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The opposing views on science and religion - Essay Example

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The discourse about science and faith is also discussed in the first chapter of Robert Imperato’s book, Christian Footings. The said chapter deals with Teilhard de Chardin proposal on the creation theory as opposed to the Non-overlapping Magisteria (NOMA) of Stephen Jay Gould…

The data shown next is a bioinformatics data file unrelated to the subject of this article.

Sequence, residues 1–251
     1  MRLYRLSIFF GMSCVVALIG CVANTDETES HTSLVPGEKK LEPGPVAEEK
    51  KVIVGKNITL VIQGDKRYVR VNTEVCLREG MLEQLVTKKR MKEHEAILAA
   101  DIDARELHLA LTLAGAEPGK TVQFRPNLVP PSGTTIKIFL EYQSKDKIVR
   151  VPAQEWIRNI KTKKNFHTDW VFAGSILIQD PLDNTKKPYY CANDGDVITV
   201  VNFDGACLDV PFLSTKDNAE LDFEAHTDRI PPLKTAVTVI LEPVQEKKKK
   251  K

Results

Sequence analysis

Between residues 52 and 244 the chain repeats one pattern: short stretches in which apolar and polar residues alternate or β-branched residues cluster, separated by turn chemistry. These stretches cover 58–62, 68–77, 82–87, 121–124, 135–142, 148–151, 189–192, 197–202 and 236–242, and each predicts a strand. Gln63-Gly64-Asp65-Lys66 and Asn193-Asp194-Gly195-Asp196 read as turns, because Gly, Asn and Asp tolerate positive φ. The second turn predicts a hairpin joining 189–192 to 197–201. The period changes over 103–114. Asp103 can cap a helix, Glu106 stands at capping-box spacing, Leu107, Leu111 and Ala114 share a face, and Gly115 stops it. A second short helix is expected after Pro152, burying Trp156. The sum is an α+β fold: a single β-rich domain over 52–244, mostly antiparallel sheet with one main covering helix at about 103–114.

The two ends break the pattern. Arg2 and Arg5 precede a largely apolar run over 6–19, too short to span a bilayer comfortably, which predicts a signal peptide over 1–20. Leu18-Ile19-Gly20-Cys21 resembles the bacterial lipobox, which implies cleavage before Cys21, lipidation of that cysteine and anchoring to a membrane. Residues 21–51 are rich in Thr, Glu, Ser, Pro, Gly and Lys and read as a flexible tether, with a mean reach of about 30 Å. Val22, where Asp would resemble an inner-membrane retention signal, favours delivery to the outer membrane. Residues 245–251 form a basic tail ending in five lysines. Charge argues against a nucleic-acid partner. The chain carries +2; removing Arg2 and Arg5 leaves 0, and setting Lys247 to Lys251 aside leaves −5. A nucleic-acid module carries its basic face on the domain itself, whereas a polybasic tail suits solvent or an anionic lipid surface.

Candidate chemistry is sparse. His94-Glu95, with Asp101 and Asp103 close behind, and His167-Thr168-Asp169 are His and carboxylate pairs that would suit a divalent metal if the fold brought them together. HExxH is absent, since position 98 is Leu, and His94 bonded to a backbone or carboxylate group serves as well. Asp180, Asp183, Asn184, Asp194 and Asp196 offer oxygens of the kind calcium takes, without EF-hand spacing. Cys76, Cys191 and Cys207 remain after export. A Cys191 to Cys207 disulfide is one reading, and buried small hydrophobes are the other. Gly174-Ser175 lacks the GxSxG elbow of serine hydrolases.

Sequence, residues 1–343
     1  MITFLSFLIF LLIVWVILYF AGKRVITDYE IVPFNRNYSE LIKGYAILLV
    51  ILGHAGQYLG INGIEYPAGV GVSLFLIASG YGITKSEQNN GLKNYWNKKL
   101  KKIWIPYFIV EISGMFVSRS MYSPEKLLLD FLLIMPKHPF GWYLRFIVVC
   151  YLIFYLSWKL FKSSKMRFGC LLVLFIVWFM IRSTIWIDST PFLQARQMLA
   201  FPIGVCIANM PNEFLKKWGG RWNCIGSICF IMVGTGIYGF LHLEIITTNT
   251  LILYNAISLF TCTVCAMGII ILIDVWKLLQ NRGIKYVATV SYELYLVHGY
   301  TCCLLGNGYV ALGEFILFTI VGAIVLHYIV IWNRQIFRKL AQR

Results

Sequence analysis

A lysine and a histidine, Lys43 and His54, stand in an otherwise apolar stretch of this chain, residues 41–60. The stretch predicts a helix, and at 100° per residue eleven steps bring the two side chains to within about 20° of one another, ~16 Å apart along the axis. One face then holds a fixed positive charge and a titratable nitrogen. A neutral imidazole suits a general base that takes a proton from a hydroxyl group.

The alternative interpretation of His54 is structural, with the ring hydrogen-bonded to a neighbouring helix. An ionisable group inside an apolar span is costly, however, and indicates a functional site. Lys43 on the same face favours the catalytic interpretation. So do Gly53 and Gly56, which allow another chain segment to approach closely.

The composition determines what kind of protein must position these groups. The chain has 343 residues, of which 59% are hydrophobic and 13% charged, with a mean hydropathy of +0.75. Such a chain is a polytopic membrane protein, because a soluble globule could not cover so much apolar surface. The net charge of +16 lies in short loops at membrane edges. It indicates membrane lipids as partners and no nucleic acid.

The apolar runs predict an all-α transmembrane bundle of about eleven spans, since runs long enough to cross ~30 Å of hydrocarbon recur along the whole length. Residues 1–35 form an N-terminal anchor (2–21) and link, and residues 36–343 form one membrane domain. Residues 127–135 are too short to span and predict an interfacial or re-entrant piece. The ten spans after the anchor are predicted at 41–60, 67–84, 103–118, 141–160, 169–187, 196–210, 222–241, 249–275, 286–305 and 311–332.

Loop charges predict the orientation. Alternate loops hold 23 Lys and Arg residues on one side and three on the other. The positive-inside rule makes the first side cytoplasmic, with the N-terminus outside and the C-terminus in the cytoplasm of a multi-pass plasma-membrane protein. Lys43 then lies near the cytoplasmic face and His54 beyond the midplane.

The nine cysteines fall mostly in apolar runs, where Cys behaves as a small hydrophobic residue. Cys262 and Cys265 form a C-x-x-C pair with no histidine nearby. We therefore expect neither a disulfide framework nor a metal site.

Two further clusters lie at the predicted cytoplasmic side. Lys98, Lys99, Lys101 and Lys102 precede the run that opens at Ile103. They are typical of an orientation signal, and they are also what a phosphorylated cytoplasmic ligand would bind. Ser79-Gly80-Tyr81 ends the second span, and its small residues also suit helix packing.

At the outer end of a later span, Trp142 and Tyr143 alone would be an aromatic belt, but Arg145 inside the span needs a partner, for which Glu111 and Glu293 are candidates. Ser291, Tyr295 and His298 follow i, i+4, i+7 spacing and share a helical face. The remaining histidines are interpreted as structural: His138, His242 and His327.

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(YOUR (THE The Opposing Views on Science and Religion In the fourth chapter of Martin C. Albl’s book, Reason, Faith, and Tradition-Explorations in Catholic Theology, the principles on the approach for science and faith that I find most relevant are the following: 1. “...science and religion each have their own separate realms of expertise, and thus their own autonomy. "Each should possess its own principles, its pattern of procedures, its diversities of interpretation and its own conclusions." The mistake of Galileo's judges was to make a judgement outside of their realm of competence”; and 2. “Theological truth and scientific truth can never contradict one another. If they do seem to contradict, it is because either the scientists... or the theologians... have strayed out of their realm of competence.” (Albl 95) It is with these principles that I find that science and faith, instead of constantly bickering with their respective doctrines, should work separately and independently, thus creating concepts of choices for mankind’s preferred beliefs. The mentioned principles are actually interrelated with one another. The first one implies that science and religion have their own precepts that, if tampered upon by the other, inevitable clashes would be produced because of their contradicting points of view about the natural world. The second principle further solidifies the pretext set by the first. It implies that contradiction should never be created out of the two independent fields and if such event happens, a deliberate breach in their respective intellectual precepts and faculties would occur. I find both principles relevant because they set the boundaries for the imminent conflict between the scientific and the religious sectors. Conflict will only be produced if and only if one side tries to penetrate the border of the other thus, undermining his or her intellectual faculties. Studying the set of principles presented by the respective fields, it can be said that the rational domain of science destroys the sacramental beliefs of the religious world. In a sense, logic and the use of physical sciences overrule the sacred doctrines about God’s creation and existence. The principles that I have chosen are important because they try to point out that science and religion will never get along unless one concedes to the other. It establishes the fact that respect for each other’s beliefs and doctrines should be propagated in order to avoid conflict. The significance of the principles above had been given justice through the author’s example about Galileo’s case where the clash of science and religion had resulted into a huge and long debate - a debate of which Pope John Paul II had settled through a commission in 1979 where findings in the investigation of Galileo’s affair had created the fact that, indeed, respect for both field’s doctrines and teachings should begin to exist (Albl 79). The discourse about science and faith is also discussed in the first chapter of Robert Imperato’s book, Christian Footings. The said chapter deals with Teilhard de Chardin proposal on the creation theory as opposed to the Non-overlapping Magisteria (NOMA) of Stephen Jay Gould (Imperato 5-19). Gould argues that NOMA presents independent domains between science and religion. According to him, science is independently concerned with the empirical realm of explaining the ways of the natural world while religion is exclusively concerned with the understanding of the meaning of life and moral values. With such distinctions, science should never dwell on the matters of life and morality and religion should never attempt to claim the reason of explaining the natural world (Morelli). Dominating comments on the concept of NOMA shows that Gould is too simplistic in his arguments which created a division between science and religion (Paulson). Some argue that science and faith always cross each other’s line in order to create a common ground, as what Teilhard de Chardin proposes. Teilhard suggests that there is equilibrium between both fields; that the scientific evolution from inanimate objects up to the creation of man is subtly intervened by the doctrines of faith. Teilhard explains that mankind is not the endpoint of evolution, but the unity thereof in a single Divine Christ-consciousness is the ultimate point, the “Omega Point” (Imperato 5-19). Indeed, Teilhard would not be a good example of the concept NOMA because Teilhard’s teachings about the common ground between science and religion are completely opposed to the doctrines of Gould’s principle. The “Omega Point” and NOMA contradict one another. The relations of both concepts are on the opposite poles of the spectrum. Teilhard would be a negative example of NOMA because his core belief in the common ground between science and religion destroys the doctrines of the non-overlapping aspects mentioned in NOMA. Teilhard’s “Omega Point” and Gould’s NOMA are simply opposite notions of the discourse between science and faith. Works Cited Albl, Martin C. Reason, Faith, and Tradition-Explorations in Catholic Theology. New Hampshire: Anselm Academic Press, 2009. Print. Imperato, Robert. Christian Footings. Maryland: University Press of America, 2009. Print. Morelli, Fr. George. “The Laws Of Nature Are Also The Laws Of God - Evolution: A Psychospiritual Reflection”. Orthodoxy Today.org. Web. 27 March 2011. Paulson, Steve. “The Atheist Delusion”. Salon.com., 18 December 2007. Web. 27 March 2011. Read More